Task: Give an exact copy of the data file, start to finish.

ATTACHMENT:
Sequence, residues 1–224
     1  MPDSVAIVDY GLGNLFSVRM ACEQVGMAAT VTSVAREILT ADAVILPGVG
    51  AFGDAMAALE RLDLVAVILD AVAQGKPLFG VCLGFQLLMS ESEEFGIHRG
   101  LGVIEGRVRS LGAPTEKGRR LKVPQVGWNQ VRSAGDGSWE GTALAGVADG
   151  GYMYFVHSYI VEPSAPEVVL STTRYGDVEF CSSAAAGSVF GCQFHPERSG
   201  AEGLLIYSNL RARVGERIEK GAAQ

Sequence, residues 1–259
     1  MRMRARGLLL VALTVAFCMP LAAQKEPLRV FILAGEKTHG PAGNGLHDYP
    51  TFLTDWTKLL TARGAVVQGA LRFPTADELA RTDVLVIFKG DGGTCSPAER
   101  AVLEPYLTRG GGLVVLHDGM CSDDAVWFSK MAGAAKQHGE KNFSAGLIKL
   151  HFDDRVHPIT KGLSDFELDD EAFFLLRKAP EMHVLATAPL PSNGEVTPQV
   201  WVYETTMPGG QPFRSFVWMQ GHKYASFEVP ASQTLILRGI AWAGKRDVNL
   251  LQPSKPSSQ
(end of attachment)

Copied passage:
Sequence, residues 1–224
     1  MPDSVAIVDY GLGNLFSVRM ACEQVGMAAT VTSVAREILT ADAVILPGVG
    51  AFGDAMAALE RLDLVAVILD AVAQGKPLFG VCLGFQLLMS ESEEFGIHRG
   101  LGVIEGRVRS LGAPTEKGRR LKVPQVGWNQ VRSAGDGSWE GTALAGVADG
   151  GYMYFVHSYI VEPSAPEVVL STTRYGDVEF CSSAAAGSVF GCQFHPERSG
   201  AEGLLIYSNL RARVGERIEK GAAQ

Sequence, residues 1–259
     1  MRMRARGLLL VALTVAFCMP LAAQKEPLRV FILAGEKTHG PAGNGLHDYP
    51  TFLTDWTKLL TARGAVVQGA LRFPTADELA RTDVLVIFKG DGGTCSPAER
   101  AVLEPYLTRG GGLVVLHDGM CSDDAVWFSK MAGAAKQHGE KNFSAGLIKL
   151  HFDDRVHPIT KGLSDFELDD EAFFLLRKAP EMHVLATAPL PSNGEVTPQV
   201  WVYETTMPGG QPFRSFVWMQ GHKYASFEVP ASQTLILRGI AWAGKRDVNL
   251  LQPSKPSSQ